Statistics are great for giving you a quick overview of a situation or problem.
But behind every number is a person, with a story about why they act and what they do.
It's that story that lets you understand people's actions and behaviour.
To understand complicated problems like public health issues, or customer preferences, sometimes you need to have more detail than a yes/no question, or a rank out of five. It's the why that makes the difference between knowing there's a problem and understanding how to act on it.
If you are trying to understand social problems, the causes and solutions are not based on simple causations. Of the millions of people involved, each one is an individual, shaped by their own choices and their unique environment. While everyone has different actions, there may be common causes and themes, or problems that only apply to specific parts of the population.
It's the same with customers and service users: why is one product more popular than another? Who isn't using a particular service? And why? Without understanding why, it's difficult to find the best solutions.
Qualitative research is based on this kind of deep understanding of people and issues. Often it's about listening to people's voices, either through an interview, or a detailed survey. Sometimes a group discussion makes the issue come alive, and focus groups can illustrate the dynamics of many actors. We can also understand an issue by looking at what has already been written about a topic, for example through document analysis of newspaper articles, research findings or government policies.
But to get this depth of understanding requires a lot of time, and a lot of data. Not quantity, but quality (this is where qualitative comes from). Not thousands of short questionnaires, but dozens of detailed stories.
Managing all this detailed data can be time consuming. There's a lot to read, and to get to a picture that can be communicated and acted on, a researcher has to summarise and find common themes. And it's not usually a process that can be done automatically. If you want to show the difference between when someone is angry because they are threatened, and angry because they are wronged, it needs a human reader to see the nuance. Computers are not subtle enough for this work yet, and they can't guess what a researcher might be interested in investigating! Qualitative data analysis is inherently a manual process.
Researchers need a way of guiding themselves and others through detailed data, to sort and organise sources and themes, to explore the patterns, and crucially, ways to communicate findings.
Quirkos is qualitative research software that brings all your text sources in one place, and lets you pull out common themes and issues. You can categorise your responses, so that with a click you can compare one group of responses against another.
It generates reports that include visual representations of the data, ideal for reports or presentations that are more than just words and numbers, and communicates the trends in a flash. Clear communication is essential to get understanding across organisations, leading to actions and solutions.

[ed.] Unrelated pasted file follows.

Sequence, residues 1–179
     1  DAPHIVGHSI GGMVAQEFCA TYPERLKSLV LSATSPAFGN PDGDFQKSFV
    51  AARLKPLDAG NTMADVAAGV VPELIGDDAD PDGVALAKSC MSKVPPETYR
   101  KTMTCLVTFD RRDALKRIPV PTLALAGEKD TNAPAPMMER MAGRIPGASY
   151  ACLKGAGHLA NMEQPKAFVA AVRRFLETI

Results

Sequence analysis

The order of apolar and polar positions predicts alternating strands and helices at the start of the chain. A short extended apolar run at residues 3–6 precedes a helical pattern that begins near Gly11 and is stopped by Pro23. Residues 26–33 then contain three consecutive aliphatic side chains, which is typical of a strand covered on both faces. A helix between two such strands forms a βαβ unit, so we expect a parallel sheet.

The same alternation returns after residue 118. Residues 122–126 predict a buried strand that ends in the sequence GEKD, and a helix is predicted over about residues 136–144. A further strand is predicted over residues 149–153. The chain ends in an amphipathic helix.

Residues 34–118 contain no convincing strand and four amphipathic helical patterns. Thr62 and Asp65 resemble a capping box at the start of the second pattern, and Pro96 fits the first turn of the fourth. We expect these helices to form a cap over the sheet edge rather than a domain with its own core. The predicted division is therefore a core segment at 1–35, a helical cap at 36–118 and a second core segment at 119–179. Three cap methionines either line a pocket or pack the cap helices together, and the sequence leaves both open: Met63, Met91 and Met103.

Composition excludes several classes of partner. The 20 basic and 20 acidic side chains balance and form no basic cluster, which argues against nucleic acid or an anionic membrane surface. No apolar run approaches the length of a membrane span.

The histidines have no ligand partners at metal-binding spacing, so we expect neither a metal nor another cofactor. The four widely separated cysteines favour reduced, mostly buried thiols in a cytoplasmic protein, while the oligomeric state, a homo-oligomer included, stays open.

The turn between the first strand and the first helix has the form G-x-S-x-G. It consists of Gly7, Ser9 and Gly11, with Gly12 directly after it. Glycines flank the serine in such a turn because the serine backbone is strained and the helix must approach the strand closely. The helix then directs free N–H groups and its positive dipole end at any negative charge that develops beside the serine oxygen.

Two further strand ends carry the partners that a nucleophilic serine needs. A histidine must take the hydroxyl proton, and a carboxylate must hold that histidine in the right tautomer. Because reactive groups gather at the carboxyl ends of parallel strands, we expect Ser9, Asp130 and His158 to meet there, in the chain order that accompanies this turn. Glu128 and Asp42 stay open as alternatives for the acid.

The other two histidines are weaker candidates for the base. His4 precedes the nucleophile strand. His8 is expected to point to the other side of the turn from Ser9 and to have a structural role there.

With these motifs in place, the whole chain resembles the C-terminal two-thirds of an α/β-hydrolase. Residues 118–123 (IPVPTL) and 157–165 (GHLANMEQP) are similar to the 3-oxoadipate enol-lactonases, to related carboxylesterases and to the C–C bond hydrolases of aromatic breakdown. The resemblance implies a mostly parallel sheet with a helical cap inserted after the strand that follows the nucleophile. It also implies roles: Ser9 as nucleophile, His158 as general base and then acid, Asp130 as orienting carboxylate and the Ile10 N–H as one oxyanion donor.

At its heart, Quirkos helps people manage, sort and understand text sources. That means it can be useful to anyone that works with large amounts of written material. It's already been used by doctors' surgeries for evaluations, universities for research projects, and market research firms for understanding customer trends.
In public services, evaluation and feedback on policy or service changes can be analysed together with statute and governance documents. Authors, historians, policy developers, charities, think-tanks and lobbyists could all use Quirkos to manage their text sources, and communicate their findings visually. Users could even include lawyers: comparing depositions, quoting laws, and referencing previous cases.
Product development teams can get customer feedback from e-mails, surveys and focus groups analysed right next to the product brief. In market research, companies can investigate the market, get feedback from users and potential customers, and integrate this with expert reports.
Researchers might also use Quirkos for literature reviews, writing a paper, or completing a Masters or PhD thesis by keeping other articles, sources, and references together. Students can use it for school projects, looking at newspaper articles on a curriculum topic, or doing a survey of classmates. Quirkos can let young researchers play and explore text data, helping them find new patterns and challenging their assumptions.
And unlike most qualitative analysis software, Quirkos is so intuitive that participants and clients can use it to engage in the analysis with you, making the end users, who are the real experts, part of the process.
Find out more about the features of Quirkos here, or read about the general functions of software for qualitative analysis. We also have dozens of articles on our blog about general qualitative research issues. You can also watch a video overview of qualitative research:
For more information on qualitative research methods, read the extensive guide written for Family Health International or a lighter, but still detailed guide from MSF.
To understand what is involved in analysing qualitative data, read this excellent paper by Pope, Ziebald and Mays (2000) from the University of Oxford.
For an overview, comparisons and training on Computer Assisted Qualitative Data Analysis Software, visit the University of Surrey CAQDAS Networking Project.
Our blog also has more than 130 articles introducing many different aspects of qualitative analysis. There is an overview of articles on qualitative methods, and another collection on coding and analysing qualitative data.